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Weekly Drug News Round Up - March 25, 2015

FDA Approves Anthrasil for Inhalation Anthrax

Most commonly observed side effects were headache, back pain, nausea and infusion site pain and swelling Read More...

The U.S. Food and Drug Administration (FDA) has approved Anthrasil, Anthrax Immune Globulin Intravenous (Human), to treat patients with inhalational anthrax in combination with appropriate antibacterial drugs. Anthrax bacteria Bacillus anthracis can be inhaled after exposure to infected animals or after intentional release of anthrax spores. When inhaled, the anthrax bacteria produce toxins that can cause massive and irreversible tissue injury and death. Anthrasil is manufactured from the plasma of individuals vaccinated against anthrax. The plasma contains antibodies that neutralize toxins produced by the anthrax bacteria. Anthrasil will be stored in the U.S. Strategic National Stockpile in case of an anthrax emergency.

FDA Medwatch: Possible Fatal Heart Reaction with Harvoni or Sovaldi

Harvoni and Sovaldi are novel drugs recently approved for the treatment of Hepatitis C; prescription labels will be updated Read More...

The U.S. Food and Drug Administration (FDA) released a Medwatch alert this week warning that serious slowing of the heart rate (bradycardia) can occur when the antiarrhythmic drug amiodarone is taken together with either the hepatitis C drug Harvoni (ledipasvir/sofosbuvir) or with Sovaldi (sofosbuvir) taken in combination with another direct acting antiviral for the treatment of hepatitis C infection. FDA is recommending that health care professionals should not prescribe either Harvoni or Sovaldi combined with another direct acting antiviral, such as the investigational drug daclatasvir or Olysio (simeprevir), with amiodarone. If there are no alternatives, heart rate monitoring should be instituted if the drugs are combined.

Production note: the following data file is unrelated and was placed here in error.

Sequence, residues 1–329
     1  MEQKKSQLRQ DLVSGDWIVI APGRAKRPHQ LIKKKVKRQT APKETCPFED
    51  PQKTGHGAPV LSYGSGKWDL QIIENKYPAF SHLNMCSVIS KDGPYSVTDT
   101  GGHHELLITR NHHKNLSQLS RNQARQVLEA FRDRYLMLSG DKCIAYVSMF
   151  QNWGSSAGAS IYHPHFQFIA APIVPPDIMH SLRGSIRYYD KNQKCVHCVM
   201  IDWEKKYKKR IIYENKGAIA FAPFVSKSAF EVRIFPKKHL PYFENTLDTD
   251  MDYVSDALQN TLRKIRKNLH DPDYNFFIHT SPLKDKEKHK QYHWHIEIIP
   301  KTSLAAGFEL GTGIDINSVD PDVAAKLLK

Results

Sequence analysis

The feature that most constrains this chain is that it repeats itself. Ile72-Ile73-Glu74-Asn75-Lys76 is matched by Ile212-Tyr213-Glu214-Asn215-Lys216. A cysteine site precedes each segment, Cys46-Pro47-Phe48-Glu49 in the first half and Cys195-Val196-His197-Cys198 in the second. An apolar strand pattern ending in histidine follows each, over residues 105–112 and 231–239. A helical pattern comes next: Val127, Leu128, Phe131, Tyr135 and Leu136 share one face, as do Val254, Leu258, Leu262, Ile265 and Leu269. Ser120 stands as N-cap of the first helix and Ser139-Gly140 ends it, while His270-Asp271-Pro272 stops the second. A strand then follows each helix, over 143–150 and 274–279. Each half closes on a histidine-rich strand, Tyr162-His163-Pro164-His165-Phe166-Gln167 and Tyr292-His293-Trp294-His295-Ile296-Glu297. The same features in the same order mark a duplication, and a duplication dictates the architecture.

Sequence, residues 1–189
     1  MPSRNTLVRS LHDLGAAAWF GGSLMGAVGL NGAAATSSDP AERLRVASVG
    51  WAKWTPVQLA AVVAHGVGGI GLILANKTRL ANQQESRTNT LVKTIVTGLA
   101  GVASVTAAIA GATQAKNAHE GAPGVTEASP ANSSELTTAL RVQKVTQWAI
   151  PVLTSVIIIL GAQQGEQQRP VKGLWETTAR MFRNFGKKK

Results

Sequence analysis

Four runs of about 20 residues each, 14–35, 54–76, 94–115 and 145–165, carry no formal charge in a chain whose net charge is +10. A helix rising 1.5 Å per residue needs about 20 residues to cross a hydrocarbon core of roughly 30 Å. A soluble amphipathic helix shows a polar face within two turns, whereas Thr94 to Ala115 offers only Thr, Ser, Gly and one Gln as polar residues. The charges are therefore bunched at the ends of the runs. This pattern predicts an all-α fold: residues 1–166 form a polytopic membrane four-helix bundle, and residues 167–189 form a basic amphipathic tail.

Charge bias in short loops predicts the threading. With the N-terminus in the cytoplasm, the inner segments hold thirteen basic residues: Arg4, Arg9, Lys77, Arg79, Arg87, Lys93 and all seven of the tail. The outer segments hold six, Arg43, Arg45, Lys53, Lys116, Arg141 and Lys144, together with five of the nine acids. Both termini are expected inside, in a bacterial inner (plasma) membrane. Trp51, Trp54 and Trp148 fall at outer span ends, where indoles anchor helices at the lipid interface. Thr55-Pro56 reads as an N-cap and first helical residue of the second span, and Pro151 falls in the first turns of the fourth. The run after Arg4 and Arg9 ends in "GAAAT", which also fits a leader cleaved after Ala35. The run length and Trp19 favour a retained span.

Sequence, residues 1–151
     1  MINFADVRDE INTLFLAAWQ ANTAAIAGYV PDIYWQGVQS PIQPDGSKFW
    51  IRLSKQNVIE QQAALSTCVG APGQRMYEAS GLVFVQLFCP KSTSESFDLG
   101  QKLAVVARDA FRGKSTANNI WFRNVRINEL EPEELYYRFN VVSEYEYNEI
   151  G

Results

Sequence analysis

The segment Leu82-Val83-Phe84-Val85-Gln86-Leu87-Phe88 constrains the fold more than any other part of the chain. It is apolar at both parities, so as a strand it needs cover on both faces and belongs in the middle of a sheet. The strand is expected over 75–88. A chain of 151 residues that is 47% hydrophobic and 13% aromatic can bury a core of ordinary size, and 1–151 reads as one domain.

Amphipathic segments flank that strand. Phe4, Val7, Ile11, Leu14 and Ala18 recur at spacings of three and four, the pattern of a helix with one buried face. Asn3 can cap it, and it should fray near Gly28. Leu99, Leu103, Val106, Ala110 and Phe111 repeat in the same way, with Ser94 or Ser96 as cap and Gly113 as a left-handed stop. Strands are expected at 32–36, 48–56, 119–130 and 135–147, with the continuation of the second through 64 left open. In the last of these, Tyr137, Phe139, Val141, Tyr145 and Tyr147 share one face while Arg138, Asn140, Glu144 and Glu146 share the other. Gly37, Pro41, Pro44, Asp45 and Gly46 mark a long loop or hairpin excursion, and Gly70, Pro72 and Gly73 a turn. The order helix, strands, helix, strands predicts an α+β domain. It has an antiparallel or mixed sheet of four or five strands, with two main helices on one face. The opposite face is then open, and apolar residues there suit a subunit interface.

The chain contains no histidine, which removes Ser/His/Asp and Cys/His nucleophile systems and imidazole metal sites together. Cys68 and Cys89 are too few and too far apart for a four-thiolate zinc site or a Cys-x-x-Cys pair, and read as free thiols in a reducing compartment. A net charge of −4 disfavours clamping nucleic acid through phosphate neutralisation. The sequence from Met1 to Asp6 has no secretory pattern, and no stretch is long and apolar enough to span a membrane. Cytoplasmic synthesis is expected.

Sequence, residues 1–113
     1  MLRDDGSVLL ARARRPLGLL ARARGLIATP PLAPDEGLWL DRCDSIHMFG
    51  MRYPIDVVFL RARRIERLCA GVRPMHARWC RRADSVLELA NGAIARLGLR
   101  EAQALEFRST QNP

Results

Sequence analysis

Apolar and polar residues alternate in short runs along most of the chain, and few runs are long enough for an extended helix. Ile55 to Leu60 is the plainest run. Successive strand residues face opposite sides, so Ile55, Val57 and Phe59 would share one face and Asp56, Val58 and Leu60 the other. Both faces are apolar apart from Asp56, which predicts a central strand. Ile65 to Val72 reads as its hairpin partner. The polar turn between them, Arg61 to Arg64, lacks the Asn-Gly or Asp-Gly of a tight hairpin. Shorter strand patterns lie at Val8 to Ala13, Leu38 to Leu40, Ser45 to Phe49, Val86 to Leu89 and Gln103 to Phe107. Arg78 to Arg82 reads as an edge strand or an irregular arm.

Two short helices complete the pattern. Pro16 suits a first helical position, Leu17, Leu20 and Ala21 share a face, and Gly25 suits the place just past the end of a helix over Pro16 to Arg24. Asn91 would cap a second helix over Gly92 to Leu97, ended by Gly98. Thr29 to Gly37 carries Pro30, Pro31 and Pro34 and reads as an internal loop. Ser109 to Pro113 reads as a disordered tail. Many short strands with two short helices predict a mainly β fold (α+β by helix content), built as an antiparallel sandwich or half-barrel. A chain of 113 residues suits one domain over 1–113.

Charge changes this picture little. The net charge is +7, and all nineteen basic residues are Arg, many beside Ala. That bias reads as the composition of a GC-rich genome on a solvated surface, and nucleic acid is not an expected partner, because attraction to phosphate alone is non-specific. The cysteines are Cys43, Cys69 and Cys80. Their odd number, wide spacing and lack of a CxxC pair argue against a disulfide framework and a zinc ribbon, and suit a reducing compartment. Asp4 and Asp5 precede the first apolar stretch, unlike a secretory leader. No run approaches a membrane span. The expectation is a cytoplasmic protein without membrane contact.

Drug Safety Update: Zyprexa Relprevv Linked with Two Deaths

The two patients died 3 to 4 days after receiving injections of appropriate doses of Zyprexa Relprevv Read More...

Zyprexa Relprevv (olanzapine pamoate) is an extended release, injectable atypical antipsychotic used to treat adults with agitation due to schizophrenia or bipolar disorder (manic depression). Zyprexa Relprevv is not for daily use. FDA is unable to exclude the possibility that two deaths associated with the drug were caused by rapid, but delayed, entry of the drug into the bloodstream following intramuscular injection. A study suggested that the drug level increase could have occurred after death. FDA is not recommending any changes to the current prescribing or use of Zyprexa Relprevv injection at this time. Patients should not stop Zyprexa Relprevv without first talking to their doctor.

Eylea Approved for Diabetic Retinopathy in Diabetic Macular Edema Patients

The FDA granted breakthrough therapy designation to Eylea for this new indication Read More...

Regeneron’s Eylea (aflibercept) is a drug currently approved to treat macular degeneration, macular edema, and diabetic macular edema. Today, the FDA expanded the approved use of Eylea injection to treat diabetic retinopathy (DR) in patients with diabetic macular edema. In clinical studies, 679 participants randomly received Eylea or macular laser photocoagulation, a laser-based treatment used to burn small areas of the retina. At week 100, participants being treated with Eylea showed significant improvement in the severity of their DR, compared to patients who did not receive Eylea. Common side effects included bleeding of the conjunctiva, eye pain, and increased eye pressure.

Small Study Suggests Vitamin D Might Slow Prostate Cancer Growth

Experts state that decreased inflammation due to vitamin D may thwart the cancer growth Read More...

Researchers suggest that vitamin D may slow or prevent low-grade prostate cancer growth. In a small study, the researchers randomly assigned 37 men having their prostate removed to either 4,000 international units (IU) of vitamin D or an inactive placebo daily for 60 days before their operation. In 60 percent of those who took the vitamin D, the cancer either shrank or went away, but the tumors remained the same or worsened in the placebo group. Other experts state larger studies are needed before making conclusions about vitamin D value in prostate cancer.